Antlered Buck Harvest December 2009
The 2009-10 deer season is closed or nearing so for states across the whitetail’s range, and biologists will be crunching data in the coming months to assess the outcome of this past season. Until that data is available, let’s look at harvest data from the two most recent seasons – 2007/08 and 2008/09. Of the 37 states in the Midwest, Northeast and Southeast that comprise the majority of whitetail habitat, we (QDMA) acquired harvest data from all 37 for 2007, but 2008 data is not yet available for Alabama and Florida. Therefore, I omitted 2007 data from these two states in the following analyses. For this article, Midwest states include IA, IL, IN, KS, KY, MI, MN, MO, ND, NE, OH, SD and WI; Northeast states include CT, DE, MA, MD, ME, NH, NJ, NY, PA, RI, VA, VT and WV; Southeast states include AL, AR, FL, GA, LA, MS, NC, OK, SC, TN and TX.
The following data are from each state’s wildlife agency. States use several different techniques to collect this data, and some states collect more data than others. Analyses between states may not always compare “apples-to-apples”, but each state provided their best possible data. Also, analyses across years should be robust to differences in confidence levels each state has in its data.
With respect to antlered buck harvest, hunters from all three regions tagged over 2.8 million bucks in each year. In total, the difference in the two year’s harvest was less than 0.5 percent. However, the data showed that 2008 was a good year for most states in the Northeast and Southeast, but a tough one for the Midwest. Texas reported the largest harvest at 340,159 antlered bucks. Michigan was next with 248,350 and Tennessee was third with 164,413 antlered bucks.
The Northeast harvested 526,193 antlered bucks in 2008, a 4 percent increase from 2007. Nine of 13 northeastern states (69%) shot more bucks in 2008 than in 2007. The average increase was 7 percent and ranged from 1 percent in New York to 12 percent in Pennsylvania. Numerically, Pennsylvania shot 13,210 additional bucks in 2008. All four Northeastern states that shot fewer bucks in 2008 were in New England. New Hampshire’s harvest was reduced 17 percent, Maine’s was 16 percent lower, Massachusetts’ was 4 percent lower, and Rhode Island’s was 1 percent lower. New England is well known for its severe winters and their corresponding impacts on deer herds and hunter harvests. It’s important to note the deer project leaders for the New Hampshire Fish and Game Department and Maine Department of Inland Fisheries and Wildlife both predicted reduced buck harvests in 2008.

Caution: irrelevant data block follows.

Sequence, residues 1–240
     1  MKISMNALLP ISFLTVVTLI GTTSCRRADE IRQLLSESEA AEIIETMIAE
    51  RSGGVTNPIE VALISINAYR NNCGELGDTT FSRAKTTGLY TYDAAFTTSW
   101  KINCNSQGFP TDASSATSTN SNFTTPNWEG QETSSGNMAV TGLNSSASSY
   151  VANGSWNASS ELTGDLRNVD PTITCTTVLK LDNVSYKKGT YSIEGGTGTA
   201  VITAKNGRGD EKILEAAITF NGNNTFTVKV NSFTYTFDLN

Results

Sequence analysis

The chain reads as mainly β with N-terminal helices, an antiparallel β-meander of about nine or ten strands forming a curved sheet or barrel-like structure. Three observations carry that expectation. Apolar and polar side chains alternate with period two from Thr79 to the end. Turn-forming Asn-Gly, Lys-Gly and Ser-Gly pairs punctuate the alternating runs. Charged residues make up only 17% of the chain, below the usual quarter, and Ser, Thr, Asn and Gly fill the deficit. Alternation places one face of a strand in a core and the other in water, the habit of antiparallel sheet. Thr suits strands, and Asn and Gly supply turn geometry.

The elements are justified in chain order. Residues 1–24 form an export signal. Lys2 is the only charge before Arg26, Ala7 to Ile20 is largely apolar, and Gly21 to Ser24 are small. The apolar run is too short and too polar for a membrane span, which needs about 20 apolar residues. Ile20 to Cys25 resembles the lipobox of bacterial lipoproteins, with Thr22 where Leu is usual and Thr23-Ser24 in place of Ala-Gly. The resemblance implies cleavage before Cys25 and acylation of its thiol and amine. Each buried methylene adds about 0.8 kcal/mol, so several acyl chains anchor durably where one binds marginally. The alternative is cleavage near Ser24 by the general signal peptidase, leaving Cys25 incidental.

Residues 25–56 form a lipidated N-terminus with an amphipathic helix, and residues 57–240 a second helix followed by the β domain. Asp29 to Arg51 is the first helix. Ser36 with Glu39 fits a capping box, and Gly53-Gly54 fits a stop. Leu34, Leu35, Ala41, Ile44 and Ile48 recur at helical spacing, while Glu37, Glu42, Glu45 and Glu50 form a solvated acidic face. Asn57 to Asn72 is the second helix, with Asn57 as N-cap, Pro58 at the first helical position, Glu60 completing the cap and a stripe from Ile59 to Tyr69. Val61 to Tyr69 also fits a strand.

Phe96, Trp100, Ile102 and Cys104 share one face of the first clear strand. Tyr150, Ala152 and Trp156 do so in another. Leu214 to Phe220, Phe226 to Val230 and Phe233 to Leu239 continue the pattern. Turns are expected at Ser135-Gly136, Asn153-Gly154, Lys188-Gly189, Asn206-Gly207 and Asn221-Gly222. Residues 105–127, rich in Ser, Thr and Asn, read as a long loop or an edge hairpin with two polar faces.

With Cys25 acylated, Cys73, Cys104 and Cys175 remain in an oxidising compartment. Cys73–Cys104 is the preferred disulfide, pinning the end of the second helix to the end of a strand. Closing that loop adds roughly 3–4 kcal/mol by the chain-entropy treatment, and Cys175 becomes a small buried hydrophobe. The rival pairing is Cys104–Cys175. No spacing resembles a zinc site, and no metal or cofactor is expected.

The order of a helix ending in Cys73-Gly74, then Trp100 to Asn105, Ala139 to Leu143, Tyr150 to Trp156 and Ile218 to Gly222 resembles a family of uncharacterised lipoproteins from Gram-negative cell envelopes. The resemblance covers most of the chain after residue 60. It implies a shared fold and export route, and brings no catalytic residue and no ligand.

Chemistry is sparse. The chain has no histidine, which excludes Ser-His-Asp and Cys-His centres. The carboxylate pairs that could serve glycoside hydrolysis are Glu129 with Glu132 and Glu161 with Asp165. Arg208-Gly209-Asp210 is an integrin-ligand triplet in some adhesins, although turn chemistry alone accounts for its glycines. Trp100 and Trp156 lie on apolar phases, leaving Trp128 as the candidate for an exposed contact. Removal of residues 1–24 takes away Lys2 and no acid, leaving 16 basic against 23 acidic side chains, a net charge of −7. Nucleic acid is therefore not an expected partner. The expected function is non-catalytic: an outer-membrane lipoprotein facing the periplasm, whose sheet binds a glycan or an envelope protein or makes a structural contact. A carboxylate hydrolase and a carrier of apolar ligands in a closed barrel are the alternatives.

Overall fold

The Southeast (minus Alabama and Florida) harvested 1,240,537 antlered bucks in 2008, a 4 percent increase from 2007. Six of 9 southeastern states (67%) shot more bucks in 2008. The average increase was 7 percent and ranged from 0.1 percent in Mississippi to 18 percent in Texas. Numerically, Texas shot 51,932 additional bucks and Georgia shot 16,475 additional bucks (+12%) in 2008. Of the 3 states that shot fewer bucks, Arkansas’ (-2%) and Tennessee’s (-0.3%) harvests were nearly equal to 2007, while Louisiana’s was considerably less at 23,650 fewer bucks (-21%). Interestingly, Louisiana hunters also shot exactly 21 percent fewer antlerless deer in 2008 than 2007 (71,190 in 2008 vs. 90,540 in 2007).
The Midwest harvested 1,047,153 antlered bucks in 2008, an 8 percent decline from 2007. Many states in the Midwest had a tough year as seven of 13 (54%) shot fewer antlered bucks in 2008. The average decrease was substantial at 11 percent, and it ranged from -5 percent in Iowa to -19 percent in Wisconsin. Numerically, Wisconsin shot 31,635 fewer bucks, Missouri took 20,567 less (-17%), Michigan tallied 19,079 less (-7%), Minnesota shot 13,000 fewer (-12%), and even Illinois shot 9,543 fewer bucks (-12%). On the plus side, Kentucky shot 4,952 additional bucks (+10%), and Ohio hunters shot 2,314 more bucks (+3%). South Dakota shot nearly equal numbers in 2007 and 2008, and Indiana, Kansas and Nebraska all shot 3 to 5 percent more bucks in 2008.